As a site owner, you’re probably always looking for the best way to secure your WordPress website. There are a few options available to help you out, and one of them is a TLS certificate. In addition to letting search engines and users know your WordPress website is secure, TLS can help protect information and data that moves between your site and those who access it. If that sounds like something your site could use, read on.
What is TLS?
TLS stands for Transport Layer Security. It’s a website security protocol that protects both your website and its users, encrypting all data from end to end. According to the Mozilla Developer Network (MDN):
Transport Layer Security (TLS), formerly known as Secure Sockets Layer (SSL), is a protocol used by applications to communicate securely across a network, preventing tampering with and eavesdropping on email, web browsing, messaging, and other protocols. Both SSL and TLS are client / server protocols that ensure communication privacy by using cryptographic protocols to provide security over a network. When a server and client communicate using TLS, it ensures that no third party can eavesdrop or tamper with any message.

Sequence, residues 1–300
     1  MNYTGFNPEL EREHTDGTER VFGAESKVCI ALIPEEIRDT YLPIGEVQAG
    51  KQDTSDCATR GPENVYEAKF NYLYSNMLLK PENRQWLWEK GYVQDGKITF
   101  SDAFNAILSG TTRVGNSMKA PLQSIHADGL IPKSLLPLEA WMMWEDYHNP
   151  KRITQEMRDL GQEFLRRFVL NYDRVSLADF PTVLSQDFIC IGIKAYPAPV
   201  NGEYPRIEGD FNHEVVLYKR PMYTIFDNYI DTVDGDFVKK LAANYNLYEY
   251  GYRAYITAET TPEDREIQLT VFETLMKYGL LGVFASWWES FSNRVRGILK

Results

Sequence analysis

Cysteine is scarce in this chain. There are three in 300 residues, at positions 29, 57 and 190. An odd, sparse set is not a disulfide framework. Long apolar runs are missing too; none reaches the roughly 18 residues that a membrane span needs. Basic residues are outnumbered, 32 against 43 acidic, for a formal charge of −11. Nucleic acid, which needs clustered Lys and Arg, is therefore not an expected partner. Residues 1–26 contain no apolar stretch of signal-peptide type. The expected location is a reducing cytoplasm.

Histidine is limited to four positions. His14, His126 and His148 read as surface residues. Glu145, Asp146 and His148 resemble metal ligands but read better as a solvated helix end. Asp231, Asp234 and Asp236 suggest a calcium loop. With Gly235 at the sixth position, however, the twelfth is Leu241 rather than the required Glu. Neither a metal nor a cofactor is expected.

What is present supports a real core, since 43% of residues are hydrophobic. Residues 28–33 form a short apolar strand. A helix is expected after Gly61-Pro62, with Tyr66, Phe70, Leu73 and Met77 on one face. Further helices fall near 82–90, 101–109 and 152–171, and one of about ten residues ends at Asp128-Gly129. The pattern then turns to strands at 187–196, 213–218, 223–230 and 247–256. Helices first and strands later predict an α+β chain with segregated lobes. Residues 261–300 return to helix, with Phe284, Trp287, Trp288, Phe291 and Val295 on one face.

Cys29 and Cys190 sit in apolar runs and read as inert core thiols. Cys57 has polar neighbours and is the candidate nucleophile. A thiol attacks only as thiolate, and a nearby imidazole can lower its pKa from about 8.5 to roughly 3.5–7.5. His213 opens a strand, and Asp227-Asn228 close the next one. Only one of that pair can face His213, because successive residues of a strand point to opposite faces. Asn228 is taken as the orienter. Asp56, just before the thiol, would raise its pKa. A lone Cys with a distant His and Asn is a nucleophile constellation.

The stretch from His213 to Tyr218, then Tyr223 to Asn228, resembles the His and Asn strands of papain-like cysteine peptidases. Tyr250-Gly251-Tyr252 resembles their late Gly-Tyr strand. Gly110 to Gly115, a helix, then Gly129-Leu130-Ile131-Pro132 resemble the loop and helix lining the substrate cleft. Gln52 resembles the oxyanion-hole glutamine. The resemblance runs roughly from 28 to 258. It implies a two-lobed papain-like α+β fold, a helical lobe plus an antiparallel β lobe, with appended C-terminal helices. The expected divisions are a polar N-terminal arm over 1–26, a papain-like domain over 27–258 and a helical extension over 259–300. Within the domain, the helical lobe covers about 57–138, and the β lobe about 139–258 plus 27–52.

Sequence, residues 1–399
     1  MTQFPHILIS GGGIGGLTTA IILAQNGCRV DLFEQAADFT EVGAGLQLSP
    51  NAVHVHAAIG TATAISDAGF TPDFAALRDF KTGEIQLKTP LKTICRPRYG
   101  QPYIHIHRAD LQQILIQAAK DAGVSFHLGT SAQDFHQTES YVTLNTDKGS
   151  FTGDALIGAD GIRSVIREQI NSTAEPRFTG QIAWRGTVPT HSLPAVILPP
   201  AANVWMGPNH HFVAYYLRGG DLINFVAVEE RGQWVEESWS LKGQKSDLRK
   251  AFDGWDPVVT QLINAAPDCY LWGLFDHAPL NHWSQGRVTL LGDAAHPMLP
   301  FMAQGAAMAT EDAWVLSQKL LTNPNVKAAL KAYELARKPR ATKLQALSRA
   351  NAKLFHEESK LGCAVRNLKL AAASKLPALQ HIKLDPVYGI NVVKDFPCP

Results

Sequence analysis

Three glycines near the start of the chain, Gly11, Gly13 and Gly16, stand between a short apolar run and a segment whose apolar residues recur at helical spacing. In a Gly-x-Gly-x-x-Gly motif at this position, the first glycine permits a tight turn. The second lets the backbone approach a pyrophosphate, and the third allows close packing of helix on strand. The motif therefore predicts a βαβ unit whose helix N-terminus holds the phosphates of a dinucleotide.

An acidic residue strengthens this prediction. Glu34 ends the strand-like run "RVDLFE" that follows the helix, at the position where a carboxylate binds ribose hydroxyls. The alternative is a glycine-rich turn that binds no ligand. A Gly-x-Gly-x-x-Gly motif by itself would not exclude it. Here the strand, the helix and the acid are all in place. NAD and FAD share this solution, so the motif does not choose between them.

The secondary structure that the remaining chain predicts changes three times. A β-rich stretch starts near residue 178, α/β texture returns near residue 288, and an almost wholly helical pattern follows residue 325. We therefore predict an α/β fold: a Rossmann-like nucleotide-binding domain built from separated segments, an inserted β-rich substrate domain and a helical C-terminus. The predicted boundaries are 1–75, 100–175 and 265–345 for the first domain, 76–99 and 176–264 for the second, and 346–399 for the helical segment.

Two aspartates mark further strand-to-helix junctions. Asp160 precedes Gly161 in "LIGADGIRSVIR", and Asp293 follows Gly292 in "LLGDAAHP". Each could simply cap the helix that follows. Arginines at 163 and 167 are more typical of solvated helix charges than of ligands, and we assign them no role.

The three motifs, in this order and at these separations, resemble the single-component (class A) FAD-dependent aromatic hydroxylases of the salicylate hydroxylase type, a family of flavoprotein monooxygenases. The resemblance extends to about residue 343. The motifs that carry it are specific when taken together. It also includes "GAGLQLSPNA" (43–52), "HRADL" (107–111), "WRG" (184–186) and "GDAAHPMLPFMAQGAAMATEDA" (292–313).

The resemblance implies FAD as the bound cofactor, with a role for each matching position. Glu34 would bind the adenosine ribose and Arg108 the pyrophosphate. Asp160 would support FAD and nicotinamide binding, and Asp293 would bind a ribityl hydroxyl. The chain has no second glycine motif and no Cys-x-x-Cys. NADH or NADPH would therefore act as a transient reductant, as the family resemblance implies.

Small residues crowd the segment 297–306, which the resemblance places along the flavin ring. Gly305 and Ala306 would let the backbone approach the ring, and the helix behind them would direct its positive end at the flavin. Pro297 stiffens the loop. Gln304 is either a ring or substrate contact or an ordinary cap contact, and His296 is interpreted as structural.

All modern browsers support the TLS protocol, requiring the server to provide a valid digital certificate confirming its identity in order to establish a secure connection. It is possible for both the client and server to mutually authenticate each other, if both parties provide their own individual digital certificates.
How Does TLS Work?